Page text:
"Okay, Jonny, here's 5,000 GP; and a bag of holding, a ruby scabbard, an exodus kinfe, a +2 bloodclaw mordenkrad, a +2 Warsheath layered plate armor, etc." Would be even worse without the level +4 limit, even though much of this stuff wouldn't be appropriate for a 1st level characteranyhow.

As mentioned, without the banding limitation, you could, possibly, play a first level character in a top tier epic adventure, getting insane rewards, especially if the DM Empowerment rule allowed the DM tro make it possible for the first level to do more than watch from the next region over. XP rewards at the level would be a heck of a lot more than the amount needed to go up a level, and the gold alone would be a hefty lump, not counting any gotten from selling a found m,agic item of that level.

I have to admit that, in LG, we have played a higher APL mode with a couple of new PCs tagging along. Or, played a diverse group at one level, but given one of the PCs an AR setup as though he had played the adeventure at a lower level that didn't have the 50% penalty for playing up more than 2 levels.

Carl,

I have to admit that you are very good at beating a dead horse, either through aggressive obstinacy or just inability to understand, but it is really wearing.

Take it as given: At most large scale LFR events, you will find that the majority of events scheduled will cater to the majority of players expected to attend. You will find a few events open or setup for the rest of the players, but the major target of any convention, for some reason, is the majority of their attendees. Ain't that an amazing concept?

However, as with any large convention, they will almost certainly have a lot of folks wandering around at loose ends, so it will almost certainly be possible to get together level-approriate pick-up games for the minority players. Many of the more dedicated LFR players will probably have multiple PCs, so some will be lower level, and they might appreciate being able to playa module that they either missed before, or want to play with a different PC.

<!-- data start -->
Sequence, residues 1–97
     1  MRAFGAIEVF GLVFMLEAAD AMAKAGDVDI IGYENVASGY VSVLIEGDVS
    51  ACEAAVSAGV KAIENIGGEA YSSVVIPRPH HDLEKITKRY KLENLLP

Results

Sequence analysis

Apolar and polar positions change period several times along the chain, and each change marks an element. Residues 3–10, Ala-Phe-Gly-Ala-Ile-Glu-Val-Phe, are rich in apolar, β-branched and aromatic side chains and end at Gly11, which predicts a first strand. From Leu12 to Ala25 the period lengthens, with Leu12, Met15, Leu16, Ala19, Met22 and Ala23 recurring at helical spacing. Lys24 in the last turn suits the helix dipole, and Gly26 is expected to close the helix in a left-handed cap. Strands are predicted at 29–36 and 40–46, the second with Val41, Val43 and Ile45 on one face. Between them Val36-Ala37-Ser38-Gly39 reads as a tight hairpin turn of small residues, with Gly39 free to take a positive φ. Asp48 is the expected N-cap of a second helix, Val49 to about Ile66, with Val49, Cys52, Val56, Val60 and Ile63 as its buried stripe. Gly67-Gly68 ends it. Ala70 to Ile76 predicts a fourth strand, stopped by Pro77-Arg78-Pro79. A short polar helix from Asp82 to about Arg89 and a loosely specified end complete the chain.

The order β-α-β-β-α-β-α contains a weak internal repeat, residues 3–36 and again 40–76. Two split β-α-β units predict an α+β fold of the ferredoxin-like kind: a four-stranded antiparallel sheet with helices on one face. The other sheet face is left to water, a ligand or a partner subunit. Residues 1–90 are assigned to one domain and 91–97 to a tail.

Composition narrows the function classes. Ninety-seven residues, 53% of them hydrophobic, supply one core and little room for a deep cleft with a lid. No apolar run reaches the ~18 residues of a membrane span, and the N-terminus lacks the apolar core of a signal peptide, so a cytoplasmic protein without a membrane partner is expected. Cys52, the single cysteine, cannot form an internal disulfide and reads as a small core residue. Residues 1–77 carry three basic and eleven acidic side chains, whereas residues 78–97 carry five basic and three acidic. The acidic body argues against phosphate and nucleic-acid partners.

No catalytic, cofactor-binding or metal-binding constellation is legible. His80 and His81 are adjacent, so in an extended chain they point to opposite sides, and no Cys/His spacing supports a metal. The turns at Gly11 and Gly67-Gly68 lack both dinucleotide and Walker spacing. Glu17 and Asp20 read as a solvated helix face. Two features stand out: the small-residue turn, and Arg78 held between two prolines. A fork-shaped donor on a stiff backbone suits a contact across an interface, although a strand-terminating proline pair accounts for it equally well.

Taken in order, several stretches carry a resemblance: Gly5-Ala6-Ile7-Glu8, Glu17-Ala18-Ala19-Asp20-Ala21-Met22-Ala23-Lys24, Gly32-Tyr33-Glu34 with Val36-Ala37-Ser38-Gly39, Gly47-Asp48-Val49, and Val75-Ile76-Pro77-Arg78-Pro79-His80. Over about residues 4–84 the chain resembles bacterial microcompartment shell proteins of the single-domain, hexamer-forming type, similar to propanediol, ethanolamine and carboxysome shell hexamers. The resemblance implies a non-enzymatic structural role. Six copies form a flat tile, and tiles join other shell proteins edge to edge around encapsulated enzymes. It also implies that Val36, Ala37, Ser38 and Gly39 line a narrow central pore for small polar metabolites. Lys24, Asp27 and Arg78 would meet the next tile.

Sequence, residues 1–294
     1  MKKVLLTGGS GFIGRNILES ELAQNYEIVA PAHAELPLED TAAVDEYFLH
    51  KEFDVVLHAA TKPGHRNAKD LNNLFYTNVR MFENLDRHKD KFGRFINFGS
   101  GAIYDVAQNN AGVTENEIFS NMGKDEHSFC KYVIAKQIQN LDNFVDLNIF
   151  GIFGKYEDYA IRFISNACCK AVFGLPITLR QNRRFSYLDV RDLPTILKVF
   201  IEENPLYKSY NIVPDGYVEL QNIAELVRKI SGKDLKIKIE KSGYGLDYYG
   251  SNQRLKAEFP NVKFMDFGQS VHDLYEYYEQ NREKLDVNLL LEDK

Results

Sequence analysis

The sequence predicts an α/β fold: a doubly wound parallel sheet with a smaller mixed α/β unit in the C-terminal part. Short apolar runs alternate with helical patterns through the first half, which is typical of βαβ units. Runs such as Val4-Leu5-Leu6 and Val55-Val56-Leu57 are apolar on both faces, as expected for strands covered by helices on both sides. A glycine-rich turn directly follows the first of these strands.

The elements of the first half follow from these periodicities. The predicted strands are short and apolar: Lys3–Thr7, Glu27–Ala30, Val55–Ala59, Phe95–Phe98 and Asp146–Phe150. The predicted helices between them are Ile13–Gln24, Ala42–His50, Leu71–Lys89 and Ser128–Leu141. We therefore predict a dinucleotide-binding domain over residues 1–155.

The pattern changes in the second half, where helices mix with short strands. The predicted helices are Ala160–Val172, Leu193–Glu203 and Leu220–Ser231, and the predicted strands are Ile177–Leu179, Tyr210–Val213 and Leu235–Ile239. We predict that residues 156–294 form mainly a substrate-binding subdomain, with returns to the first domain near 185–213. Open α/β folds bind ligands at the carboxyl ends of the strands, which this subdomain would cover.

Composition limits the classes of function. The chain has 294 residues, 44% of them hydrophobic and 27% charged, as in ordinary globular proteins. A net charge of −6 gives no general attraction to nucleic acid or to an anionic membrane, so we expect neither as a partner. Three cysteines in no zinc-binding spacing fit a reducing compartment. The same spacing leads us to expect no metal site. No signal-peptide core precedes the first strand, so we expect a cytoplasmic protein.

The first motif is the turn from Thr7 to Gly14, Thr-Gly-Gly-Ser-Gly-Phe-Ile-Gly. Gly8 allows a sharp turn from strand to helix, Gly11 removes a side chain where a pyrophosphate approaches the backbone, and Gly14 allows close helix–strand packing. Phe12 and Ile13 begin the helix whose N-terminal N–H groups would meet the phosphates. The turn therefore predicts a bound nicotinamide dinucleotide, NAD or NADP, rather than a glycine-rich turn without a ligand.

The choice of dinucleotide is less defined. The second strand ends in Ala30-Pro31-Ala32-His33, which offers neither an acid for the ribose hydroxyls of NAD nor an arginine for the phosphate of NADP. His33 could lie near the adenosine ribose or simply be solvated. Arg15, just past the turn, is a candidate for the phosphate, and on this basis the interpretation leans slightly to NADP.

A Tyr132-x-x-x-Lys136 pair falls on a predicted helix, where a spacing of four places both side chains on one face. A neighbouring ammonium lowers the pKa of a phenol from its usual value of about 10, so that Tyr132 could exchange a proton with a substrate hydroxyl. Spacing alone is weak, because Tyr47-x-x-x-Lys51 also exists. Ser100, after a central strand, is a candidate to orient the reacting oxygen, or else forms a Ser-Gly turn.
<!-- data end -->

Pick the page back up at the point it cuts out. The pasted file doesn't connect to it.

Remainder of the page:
As I see it, this excludes a number of legitimate play opportunities in the hopes of preventing an unlikely and inefficient form of 'cheating'. The loss to the hobby/community (players miss a few sessions and can no longer play with their friends who have leveled out of range; players cannot find games appropriate for their level at conventions) is far more significant than the supposed gain (preventing 'cheating' by playing adventures that are too high level for them rather than simply spending five minutes copying their buddies adventure log).

Note: This was legal under LG. The experience and treasure had to be adjusted. But it was legal.
Carl

Well, you make some good points Syrsuro. I don't really know what the effects will be, but your basically arguing for more play opportunities.

Its true the level band was potentially much wider in LG than it is LFR. Its not a problem now because everyone is between levels 1-7; however, its not a far stretch of the imagination that it could develop into a problem in making legal tables for LFR in the future.
As mentioned, without the banding limitation, you could, possibly, play a first level character in a top tier epic adventure, getting insane rewards, especially if the DM Empowerment rule allowed the DM tro make it possible for the first level to do more than watch from the next region over. XP rewards at the level would be a heck of a lot more than the amount needed to go up a level, and the gold alone would be a hefty lump, not counting any gotten from selling a found m,agic item of that level.

Indeed. So there is arguably a reason for limitations on the process. But demonstrating that playing a first level character in an epic tier adventure leads to a problem in no way demonstrates that there is a problem playing a 3rd level character in a 4th-7th tier adventure.